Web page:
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Small Business Suffers with Big Business Closures

Why are businesses which are falling short of the mark allowed to continue to operate – to the detriment of smaller businesses?

Proud to Franchise This has been on my mind for a while, and I am still annoyed that the Irish government has done little to protect small businesses in Ireland. At the very least, the British government have put in place a prompt payment scheme to help ease cash flow problems for small businesses during the economic slowdown.

With so many bigger businesses closing or nearing closure, not enough is being done to ensure that small businesses are receiving payments for goods or services provided to businesses nearing financial crisis.

A perfect example of this is the closure of Renard's, the infamous Dublin nightclub owned by Dublin businessman Robbie Fox. Renard’s is the epitome of the rise and subsequent fall of the celtic tiger. The club was a regular watering hole for many of Dublin’s rich and famous. However, after the business along with its three sister businesses starting losing money heavily in the latter half of last year the owner of all four businesses – Robbie Fox finally called in the creditors at the start of June to announce their closure, a year after the businesses started going downhill.

The four businesses leave a staggering £6.6 million in debt owed to Mr Fox as well as the Revenue Commissioners and a host of small business service providers. The announcement is yet another blow for small businesses across the Republic and will have a knock on effect with those businesses now struggling to keep paying bills to their creditors.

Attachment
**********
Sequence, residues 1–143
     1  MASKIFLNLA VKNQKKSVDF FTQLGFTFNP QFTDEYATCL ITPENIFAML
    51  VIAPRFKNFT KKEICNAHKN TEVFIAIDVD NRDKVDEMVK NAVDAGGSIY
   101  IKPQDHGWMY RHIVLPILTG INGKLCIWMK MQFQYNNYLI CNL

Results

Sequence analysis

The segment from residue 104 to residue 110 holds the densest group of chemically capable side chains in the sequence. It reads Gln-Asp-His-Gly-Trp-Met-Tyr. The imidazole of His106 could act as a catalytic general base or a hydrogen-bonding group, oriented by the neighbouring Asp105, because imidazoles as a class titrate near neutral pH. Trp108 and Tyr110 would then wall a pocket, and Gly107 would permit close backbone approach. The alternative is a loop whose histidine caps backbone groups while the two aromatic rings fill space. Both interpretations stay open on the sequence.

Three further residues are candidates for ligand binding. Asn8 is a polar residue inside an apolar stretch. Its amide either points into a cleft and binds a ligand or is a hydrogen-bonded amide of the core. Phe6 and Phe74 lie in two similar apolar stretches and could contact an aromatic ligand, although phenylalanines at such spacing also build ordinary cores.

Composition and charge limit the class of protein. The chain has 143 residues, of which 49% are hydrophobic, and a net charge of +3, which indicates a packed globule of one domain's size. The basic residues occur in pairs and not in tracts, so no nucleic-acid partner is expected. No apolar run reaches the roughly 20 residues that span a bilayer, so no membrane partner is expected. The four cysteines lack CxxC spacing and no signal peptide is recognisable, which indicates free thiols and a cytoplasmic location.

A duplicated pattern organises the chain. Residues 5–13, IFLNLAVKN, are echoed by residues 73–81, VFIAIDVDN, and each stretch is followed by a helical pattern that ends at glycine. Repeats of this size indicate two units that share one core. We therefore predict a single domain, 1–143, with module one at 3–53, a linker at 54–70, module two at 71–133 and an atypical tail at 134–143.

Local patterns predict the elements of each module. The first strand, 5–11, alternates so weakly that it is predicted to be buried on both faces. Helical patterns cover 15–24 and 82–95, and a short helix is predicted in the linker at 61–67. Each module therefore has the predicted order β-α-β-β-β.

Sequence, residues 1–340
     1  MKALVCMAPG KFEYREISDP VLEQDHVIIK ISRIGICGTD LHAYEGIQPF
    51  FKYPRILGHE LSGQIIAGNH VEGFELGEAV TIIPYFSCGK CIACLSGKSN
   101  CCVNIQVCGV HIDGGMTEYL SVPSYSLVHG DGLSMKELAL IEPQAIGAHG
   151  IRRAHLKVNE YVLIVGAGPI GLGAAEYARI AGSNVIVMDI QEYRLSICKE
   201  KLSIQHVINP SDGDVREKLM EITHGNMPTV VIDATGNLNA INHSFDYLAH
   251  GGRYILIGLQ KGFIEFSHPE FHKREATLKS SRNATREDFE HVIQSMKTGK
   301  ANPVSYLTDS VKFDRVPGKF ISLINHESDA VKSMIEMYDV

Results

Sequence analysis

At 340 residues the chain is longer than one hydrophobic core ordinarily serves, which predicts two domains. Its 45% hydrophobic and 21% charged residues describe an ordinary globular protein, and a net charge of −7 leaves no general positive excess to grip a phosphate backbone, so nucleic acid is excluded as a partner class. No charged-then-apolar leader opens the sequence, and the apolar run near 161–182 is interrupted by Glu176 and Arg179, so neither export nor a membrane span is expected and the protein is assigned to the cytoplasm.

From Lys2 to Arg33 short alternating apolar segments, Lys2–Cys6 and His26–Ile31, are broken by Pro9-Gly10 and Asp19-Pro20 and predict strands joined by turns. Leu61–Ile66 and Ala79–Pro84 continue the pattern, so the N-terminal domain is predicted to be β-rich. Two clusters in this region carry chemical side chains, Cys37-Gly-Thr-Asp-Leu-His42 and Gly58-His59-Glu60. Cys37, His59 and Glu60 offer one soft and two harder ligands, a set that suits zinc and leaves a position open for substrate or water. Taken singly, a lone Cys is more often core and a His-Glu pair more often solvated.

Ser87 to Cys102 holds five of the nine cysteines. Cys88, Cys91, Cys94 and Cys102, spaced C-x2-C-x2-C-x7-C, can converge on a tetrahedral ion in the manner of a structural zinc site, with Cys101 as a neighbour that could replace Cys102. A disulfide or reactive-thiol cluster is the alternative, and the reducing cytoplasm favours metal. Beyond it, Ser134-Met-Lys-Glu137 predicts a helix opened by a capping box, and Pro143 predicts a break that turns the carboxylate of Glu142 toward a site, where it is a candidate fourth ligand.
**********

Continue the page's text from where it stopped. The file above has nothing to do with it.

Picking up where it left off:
The reckless attitude of larger businesses which are attempting to stay in business despite the odds is exemplified by Mr Fox’s comment that “maybe I should have closed Brown’s Barn earlier, but my attitude was that it was worth keeping open so long as the leasehold value was greater than what I owed” . With property value falling rapidly, it is hard to understand how Mr Fox was calculating the worth of the leasehold which, liquidator Gerry Murray reckons he will not be able to secure anything near the €150,000 value assigned to the leasehold. Hardly worth keeping open then and especially not for small business owners who are now “a couple of grand down” each and some maybe now facing closure themselves.

The failure of the Irish government to develop a prompt payment scheme similar to the UK indicates their continuing inability to protect small business owners. Maybe in a year's time Brian Cowen and Brian Lenihan may wake up and realise that something needs to be done.

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